Let’s make a thing …. Together
Greetings! Since we’re going virtual this year it doesn’t mean that we’ve stopped making our own blinky badges. It just means that this year we will be building them from off the shelf parts instead of custom printed circuit boards. While the event isn’t until late August, I wanted to get a supply list out early so that parts can be ordered from chinese suppliers for the cost savings or if you want to quarantine your supplies before handling them.
This year, there will be 3 options for our DIY badge.
 The soldered project. Aside from the supplies outlined below, you will need some basic tools: soldering iron, solder, wire stripper, snips and maybe some solder braid for those oops moments.
 A breadboard option. Not as permanent as the soldered project, but there is no soldering required and you still can do all things that you would do with the soldered project.
 A virtual product. We’ll be using the electronics simulator feature of tinkercad.com so that you can play with a simulation of the planned build.
No matter which you choose, you will need to download and install the Arduino IDE from [https://www.arduino.cc/en/Main/Software] and/or create an account with tinkercad.com
Let’s start with the things that both the breadboard (hence referred to as BB) and the soldered project (SP) will need:
- 7 (seven) 10mm LEDS, yep we’re going to go big and bright
- 220 Ω resistors, we need to limit the current for the LEDs
- An Arduino nano clone. Arduinos are open source so a clone is fine. A note about the nano is that they take a Mini USB, like a digital camera, so do be sure you get one with a cable or order a mini usb cable.
- A button. This is optional; I’ll be demonstrating how to do multiple patterns but if you want to stick with just one pattern, that’s okay.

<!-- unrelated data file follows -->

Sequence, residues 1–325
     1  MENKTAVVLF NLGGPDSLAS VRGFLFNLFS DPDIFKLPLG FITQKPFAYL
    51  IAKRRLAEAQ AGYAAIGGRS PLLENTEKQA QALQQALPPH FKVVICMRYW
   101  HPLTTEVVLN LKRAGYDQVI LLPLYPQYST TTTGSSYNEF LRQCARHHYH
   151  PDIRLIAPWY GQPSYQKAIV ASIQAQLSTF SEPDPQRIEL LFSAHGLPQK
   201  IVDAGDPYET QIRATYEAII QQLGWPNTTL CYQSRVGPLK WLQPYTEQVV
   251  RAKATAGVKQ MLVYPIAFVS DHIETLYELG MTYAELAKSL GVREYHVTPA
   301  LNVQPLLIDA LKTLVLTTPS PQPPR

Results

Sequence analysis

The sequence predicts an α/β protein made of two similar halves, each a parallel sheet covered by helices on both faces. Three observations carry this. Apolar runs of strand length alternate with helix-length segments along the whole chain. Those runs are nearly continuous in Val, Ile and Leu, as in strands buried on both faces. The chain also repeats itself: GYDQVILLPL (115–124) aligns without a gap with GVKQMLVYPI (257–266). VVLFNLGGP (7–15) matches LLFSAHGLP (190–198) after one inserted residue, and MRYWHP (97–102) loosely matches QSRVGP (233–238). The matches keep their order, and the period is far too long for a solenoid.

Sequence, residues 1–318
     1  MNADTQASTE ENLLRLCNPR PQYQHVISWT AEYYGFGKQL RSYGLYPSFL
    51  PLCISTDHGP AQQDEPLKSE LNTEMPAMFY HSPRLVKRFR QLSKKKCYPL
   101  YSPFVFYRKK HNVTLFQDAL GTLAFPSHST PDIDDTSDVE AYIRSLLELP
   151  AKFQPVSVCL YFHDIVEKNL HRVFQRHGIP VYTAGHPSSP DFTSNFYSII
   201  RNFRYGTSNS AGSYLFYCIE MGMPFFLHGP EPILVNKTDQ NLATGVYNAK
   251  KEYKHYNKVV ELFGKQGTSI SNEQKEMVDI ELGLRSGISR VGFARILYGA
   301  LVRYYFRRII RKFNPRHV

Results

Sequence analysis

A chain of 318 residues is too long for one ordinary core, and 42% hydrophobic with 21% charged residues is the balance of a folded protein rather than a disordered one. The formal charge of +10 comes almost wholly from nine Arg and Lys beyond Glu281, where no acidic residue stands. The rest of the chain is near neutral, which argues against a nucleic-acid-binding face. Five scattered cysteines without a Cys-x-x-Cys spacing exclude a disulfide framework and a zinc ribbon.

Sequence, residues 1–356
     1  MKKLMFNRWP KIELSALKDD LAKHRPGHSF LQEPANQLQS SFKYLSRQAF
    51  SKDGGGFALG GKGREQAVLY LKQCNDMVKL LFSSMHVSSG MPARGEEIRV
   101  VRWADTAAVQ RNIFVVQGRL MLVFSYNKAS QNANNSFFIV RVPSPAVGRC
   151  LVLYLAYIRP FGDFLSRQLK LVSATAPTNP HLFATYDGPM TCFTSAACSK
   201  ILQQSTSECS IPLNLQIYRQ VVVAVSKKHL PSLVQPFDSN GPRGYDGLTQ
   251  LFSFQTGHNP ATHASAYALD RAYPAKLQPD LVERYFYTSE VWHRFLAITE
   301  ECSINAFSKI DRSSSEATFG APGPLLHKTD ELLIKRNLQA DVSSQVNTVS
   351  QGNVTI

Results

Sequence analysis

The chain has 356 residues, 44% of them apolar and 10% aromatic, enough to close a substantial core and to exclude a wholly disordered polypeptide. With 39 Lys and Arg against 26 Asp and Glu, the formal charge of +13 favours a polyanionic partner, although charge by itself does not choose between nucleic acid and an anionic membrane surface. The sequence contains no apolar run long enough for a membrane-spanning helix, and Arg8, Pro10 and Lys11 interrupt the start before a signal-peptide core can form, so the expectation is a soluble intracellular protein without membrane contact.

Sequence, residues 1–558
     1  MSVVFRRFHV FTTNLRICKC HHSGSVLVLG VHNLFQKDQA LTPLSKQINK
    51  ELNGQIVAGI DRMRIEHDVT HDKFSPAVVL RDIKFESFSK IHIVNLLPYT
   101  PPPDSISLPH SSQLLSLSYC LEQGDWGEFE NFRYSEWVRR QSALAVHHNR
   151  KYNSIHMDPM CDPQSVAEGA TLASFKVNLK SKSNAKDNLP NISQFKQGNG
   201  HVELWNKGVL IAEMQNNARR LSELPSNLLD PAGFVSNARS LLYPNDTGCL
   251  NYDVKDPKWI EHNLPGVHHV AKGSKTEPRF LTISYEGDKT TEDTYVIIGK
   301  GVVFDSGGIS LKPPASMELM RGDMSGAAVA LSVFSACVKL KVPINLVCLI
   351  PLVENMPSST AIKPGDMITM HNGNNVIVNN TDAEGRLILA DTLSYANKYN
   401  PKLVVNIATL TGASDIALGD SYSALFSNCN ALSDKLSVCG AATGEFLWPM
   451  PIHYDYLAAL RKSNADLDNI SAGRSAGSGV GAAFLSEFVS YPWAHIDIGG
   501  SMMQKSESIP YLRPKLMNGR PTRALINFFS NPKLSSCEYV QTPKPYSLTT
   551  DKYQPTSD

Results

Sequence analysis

- If you’re going with a button, it requires a resistor as well: a 10k one to be exact
- Lastly we’ll need a bit of wire. The best option I’ve come up with for this is some male to male jumpers even if you’re not going to BB your set; if you’re doing the soldering project, stripping back the ends of some of the jumpers is worth it to be able to color code things, rather than just buying a spool of wire.
So now we come to the final bit: if you are choosing the soldering project you will need these solderable breadboards from [Amazon]. I used the blue ones for the prototype, but feel free to order your favorite color.
*A note about tools*
When I buy tools I follow the Harbor Freight/Wally World rule: if need it, buy a cheap one first. If you only use it just for that project then you are not out a lot for a dust collector, like in my circular saw (a power tool for cutting wood) – I’ve used twice and it was actually cheaper than a daily rental. If you use it for more than the initial project, or enough that it breaks, that’s when you lay down some serious money on a tool. For example when I got into electronics, my first soldering iron was a $10 Radio Shack special. Today I use a much nicer one that I paid a whole lot more for. My first multimeter was a free one from Harbor Freight.
Check back with this page as we get closer to the event for updates and if you’re going to use the aliexpress links for supplies, I recommend you do so by mid-June.
If you have any questions, feel free to email me [firstname.lastname@example.org]